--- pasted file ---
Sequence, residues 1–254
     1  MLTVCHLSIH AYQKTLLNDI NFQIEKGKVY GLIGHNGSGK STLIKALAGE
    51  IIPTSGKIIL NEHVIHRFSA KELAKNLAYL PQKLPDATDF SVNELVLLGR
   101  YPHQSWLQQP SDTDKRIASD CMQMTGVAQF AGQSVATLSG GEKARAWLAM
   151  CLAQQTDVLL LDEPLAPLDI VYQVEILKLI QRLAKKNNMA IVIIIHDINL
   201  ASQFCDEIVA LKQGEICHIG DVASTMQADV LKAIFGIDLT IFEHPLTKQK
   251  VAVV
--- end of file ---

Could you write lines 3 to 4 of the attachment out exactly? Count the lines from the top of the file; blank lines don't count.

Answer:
    51  IIPTSGKIIL NEHVIHRFSA KELAKNLAYL PQKLPDATDF SVNELVLLGR
   101  YPHQSWLQQP SDTDKRIASD CMQMTGVAQF AGQSVATLSG GEKARAWLAM